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Herman's Unconventional Path Unveils Award-Worthy Teaching Skillset

10/9/2020 8:50:03 AM Aaron Seidlitz, Illinois CS

There was a time when Illinois CS professor Geoffrey Herman thought it might not be possible to hear his name in connection to a distinction like the 2020 IEEE Education Society Mac Van Valkenburg Early Career Teaching Award.

Geoffrey Herman
Geoffrey Herman

This thought process dates to when he started his career with The Grainger College of Engineering, a little more than five years ago. At that point, Herman's position didn’t include the typical teaching or research components. He wasn't even assigned to a specific department.

In short, his initial job with the College was, in his own words, “unconventional.”

Herman’s position fell under the College’s Strategic Instructional Innovations Program and the Teaching Professionals Program. He focused on sparking innovation and change in engineering education and believed it all came down to collaboration.

When he described this work to his mentors, he heard heartfelt concern in response. These instrumental figures in his life worried that his position may hamper his future in academia.

“I can’t express the number of times my mentors – the people who I love and respect – told me not to do what I’m doing,” Herman said with a laugh. “I absolutely value their opinion, and they asked me if I was certain this is what I wanted to do. My answer has always been the same. Yes, because this is what I’m passionate about.”

That unconventional background also built Herman’s approach to his current role as a teaching assistant professor with Illinois CS. It's clear that his methods in the classroom resonate with students. Additionally, faculty credit him with taking their teaching practice out of isolation and into collaboration with others.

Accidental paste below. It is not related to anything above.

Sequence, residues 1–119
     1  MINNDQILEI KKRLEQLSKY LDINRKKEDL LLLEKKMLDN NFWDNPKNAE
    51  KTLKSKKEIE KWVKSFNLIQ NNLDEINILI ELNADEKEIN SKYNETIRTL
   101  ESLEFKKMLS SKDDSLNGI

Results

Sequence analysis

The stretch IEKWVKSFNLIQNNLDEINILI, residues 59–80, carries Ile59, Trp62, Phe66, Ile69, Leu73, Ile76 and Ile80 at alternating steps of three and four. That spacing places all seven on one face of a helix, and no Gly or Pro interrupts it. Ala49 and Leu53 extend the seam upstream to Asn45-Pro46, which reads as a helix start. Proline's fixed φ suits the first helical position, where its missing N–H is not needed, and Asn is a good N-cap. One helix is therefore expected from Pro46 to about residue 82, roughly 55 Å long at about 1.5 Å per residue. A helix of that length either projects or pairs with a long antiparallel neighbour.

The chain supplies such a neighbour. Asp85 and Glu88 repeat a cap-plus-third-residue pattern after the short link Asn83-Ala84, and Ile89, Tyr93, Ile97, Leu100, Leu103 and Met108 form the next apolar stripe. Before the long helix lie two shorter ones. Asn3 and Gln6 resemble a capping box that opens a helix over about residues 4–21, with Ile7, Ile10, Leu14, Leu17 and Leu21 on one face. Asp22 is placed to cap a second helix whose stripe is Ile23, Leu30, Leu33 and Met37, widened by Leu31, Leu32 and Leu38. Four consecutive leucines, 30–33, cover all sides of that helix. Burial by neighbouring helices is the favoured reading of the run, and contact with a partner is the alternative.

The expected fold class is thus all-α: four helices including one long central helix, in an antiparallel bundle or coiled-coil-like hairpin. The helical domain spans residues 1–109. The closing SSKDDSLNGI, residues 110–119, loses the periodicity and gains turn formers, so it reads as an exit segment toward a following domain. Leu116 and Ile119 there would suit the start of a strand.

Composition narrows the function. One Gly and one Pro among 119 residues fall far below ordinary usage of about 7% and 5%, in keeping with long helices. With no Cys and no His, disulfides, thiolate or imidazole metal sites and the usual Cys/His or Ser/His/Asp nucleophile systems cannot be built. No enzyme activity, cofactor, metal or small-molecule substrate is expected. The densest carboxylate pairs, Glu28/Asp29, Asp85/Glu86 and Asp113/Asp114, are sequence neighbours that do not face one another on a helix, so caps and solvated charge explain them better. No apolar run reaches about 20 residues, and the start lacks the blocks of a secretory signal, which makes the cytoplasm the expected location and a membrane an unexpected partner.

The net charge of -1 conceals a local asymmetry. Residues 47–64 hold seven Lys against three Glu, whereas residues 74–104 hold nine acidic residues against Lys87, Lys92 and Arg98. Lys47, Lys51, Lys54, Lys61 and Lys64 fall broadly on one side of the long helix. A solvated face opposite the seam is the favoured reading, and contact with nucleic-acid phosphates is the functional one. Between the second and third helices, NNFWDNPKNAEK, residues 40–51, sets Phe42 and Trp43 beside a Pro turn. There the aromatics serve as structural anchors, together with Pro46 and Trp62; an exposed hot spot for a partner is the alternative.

For example, he’s worked closely with collaborators like Tim Bretl, professor of aerospace engineering, Matthew West, professor of mechanical science and engineering, and Illinois CS professor Craig Zilles on PrairieLearn. This tool, created for online assessment, revolutionizes the way students take exams and do homework.

Herman has built research projects off its use in his classrooms to help Bretl’s team as they continually develop and update the tool. It’s proven how faculty working together can positively impact the student experience.

These tenants of his work earned the respect of his peers and this year's Mac Van Valkenburg Early Career Teaching Award. As the award’s citation states, Herman was recognized “for his dedication to teaching, for his expertise in bridging research and practice in engineering education, and for his ability to inspire students and colleagues alike.”

Jonathan Makela
Jonathan Makela

The distinction resonates throughout Grainger Engineering, which houses previous winners and the namesake of the award. Both Jonathan Makela—Associate Dean for Undergraduate Programs at Grainger Engineering and professor for Electrical and Computer Engineering—and Zilles—Illinois CS Associate Professor and Education Innovation Fellow—won it previously.

Mac Van Valkenburg served the College in the 1980s as a previous dean.